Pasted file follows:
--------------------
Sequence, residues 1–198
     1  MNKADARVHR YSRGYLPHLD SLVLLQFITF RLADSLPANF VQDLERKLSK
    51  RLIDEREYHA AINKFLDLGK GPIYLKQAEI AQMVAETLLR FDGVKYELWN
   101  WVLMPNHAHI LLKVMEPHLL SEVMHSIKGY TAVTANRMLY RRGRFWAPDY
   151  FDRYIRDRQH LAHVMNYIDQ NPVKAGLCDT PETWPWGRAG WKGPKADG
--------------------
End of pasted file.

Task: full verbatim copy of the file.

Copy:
Sequence, residues 1–198
     1  MNKADARVHR YSRGYLPHLD SLVLLQFITF RLADSLPANF VQDLERKLSK
    51  RLIDEREYHA AINKFLDLGK GPIYLKQAEI AQMVAETLLR FDGVKYELWN
   101  WVLMPNHAHI LLKVMEPHLL SEVMHSIKGY TAVTANRMLY RRGRFWAPDY
   151  FDRYIRDRQH LAHVMNYIDQ NPVKAGLCDT PETWPWGRAG WKGPKADG